Managing Hazardous Waste

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EPA Identification Numbers for Generators

What is an EPA ID Number?

This number, issued either by the U. S. Environmental Protection Agency (U.S. EPA ID Number), or by DTSC (California ID Number), identifies each handler of hazardous waste on hazardous waste manifests and other paperwork.  The ID Number enables regulators to track the waste from its origin to final disposal (“cradle to grave.”) With the exceptions discussed later in this guidance, most hazardous waste generators must have an ID Number before a registered hazardous waste transporter will accept the waste for shipment.  All hazardous waste transporters and permitted treatment, storage and disposal facilities must have ID numbers.

Are State and Federal laws the same?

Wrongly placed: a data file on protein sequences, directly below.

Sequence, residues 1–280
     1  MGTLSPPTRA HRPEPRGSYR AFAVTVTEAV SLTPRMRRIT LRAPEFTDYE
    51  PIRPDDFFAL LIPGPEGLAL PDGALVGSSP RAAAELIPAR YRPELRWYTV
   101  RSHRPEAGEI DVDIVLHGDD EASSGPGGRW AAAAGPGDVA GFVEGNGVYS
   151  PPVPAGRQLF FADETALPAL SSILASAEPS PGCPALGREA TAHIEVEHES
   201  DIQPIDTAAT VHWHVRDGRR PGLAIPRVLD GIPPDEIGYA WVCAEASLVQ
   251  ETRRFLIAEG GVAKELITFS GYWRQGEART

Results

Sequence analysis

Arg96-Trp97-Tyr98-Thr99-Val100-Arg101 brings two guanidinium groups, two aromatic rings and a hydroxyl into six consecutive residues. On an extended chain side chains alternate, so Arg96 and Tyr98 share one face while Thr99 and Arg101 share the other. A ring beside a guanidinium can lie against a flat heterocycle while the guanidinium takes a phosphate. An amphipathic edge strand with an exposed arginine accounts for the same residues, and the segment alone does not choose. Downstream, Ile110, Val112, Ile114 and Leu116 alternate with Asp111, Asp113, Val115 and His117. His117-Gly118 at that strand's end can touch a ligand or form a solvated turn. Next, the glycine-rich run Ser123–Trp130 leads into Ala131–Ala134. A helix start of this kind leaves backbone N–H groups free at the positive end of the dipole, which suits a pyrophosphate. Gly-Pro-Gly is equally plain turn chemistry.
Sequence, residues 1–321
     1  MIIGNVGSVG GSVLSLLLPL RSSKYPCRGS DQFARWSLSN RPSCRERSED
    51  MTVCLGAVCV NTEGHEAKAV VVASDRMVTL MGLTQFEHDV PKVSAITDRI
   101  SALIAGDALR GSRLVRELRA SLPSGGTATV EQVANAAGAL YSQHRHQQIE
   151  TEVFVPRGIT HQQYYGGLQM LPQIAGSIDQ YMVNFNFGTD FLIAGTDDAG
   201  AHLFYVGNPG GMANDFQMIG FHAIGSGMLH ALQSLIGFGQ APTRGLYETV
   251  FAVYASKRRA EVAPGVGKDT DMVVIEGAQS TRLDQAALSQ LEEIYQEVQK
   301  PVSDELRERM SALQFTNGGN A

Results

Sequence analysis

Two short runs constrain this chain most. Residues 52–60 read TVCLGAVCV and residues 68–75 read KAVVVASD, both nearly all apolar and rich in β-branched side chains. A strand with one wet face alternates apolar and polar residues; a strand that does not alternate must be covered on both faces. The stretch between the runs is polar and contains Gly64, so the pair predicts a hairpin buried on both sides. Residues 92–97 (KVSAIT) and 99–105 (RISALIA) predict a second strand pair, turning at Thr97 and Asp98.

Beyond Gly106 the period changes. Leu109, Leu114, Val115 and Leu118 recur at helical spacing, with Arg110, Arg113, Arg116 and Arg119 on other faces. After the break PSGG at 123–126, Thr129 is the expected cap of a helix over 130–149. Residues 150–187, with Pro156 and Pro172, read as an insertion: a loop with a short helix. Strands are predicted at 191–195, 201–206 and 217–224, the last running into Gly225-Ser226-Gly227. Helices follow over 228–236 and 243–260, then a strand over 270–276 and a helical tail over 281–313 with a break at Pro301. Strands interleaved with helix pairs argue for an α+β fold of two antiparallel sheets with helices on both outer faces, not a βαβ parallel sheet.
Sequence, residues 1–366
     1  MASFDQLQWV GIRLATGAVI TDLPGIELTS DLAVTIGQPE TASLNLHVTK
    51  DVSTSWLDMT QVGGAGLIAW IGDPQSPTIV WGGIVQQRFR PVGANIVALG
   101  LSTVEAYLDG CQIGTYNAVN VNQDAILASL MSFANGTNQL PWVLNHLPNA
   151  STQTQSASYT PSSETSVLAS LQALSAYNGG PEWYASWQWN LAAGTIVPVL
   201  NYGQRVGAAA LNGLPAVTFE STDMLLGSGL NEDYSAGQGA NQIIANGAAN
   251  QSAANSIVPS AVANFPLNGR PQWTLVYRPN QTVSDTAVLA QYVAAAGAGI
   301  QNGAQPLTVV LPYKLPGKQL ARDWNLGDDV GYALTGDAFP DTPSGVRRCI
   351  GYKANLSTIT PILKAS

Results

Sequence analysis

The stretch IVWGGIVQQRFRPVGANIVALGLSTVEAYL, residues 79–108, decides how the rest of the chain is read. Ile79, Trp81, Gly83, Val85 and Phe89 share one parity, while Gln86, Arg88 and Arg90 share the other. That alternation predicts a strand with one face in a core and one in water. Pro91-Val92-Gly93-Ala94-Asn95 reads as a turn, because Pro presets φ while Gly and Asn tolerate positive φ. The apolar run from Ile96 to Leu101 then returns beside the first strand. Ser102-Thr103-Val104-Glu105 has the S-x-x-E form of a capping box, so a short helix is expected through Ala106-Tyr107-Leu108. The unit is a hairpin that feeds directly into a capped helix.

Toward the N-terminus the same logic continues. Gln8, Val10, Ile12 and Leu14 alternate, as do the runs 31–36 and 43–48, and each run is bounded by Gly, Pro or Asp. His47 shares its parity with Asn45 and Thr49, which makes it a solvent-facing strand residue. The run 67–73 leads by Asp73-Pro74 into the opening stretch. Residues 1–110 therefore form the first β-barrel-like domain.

The federal hazardous waste law (the Resource Conservation and Recovery Act, or “RCRA”) allows states to enact their own hazardous waste laws, which must be at least as stringent as the federal laws. The requirements under California law are more stringent than the federal criteria. Wastes that pass the federal hazardous waste criteria but fail the California criteria are called “non-RCRA” or “California-only” hazardous wastes. Wastes containing corrosive solids, asbestos, nickel or zinc are examples of common California-only hazardous wastes. Other states may not consider California-only wastes hazardous.  Federal law also exempts generators of small quantities of waste from many federal waste management requirements.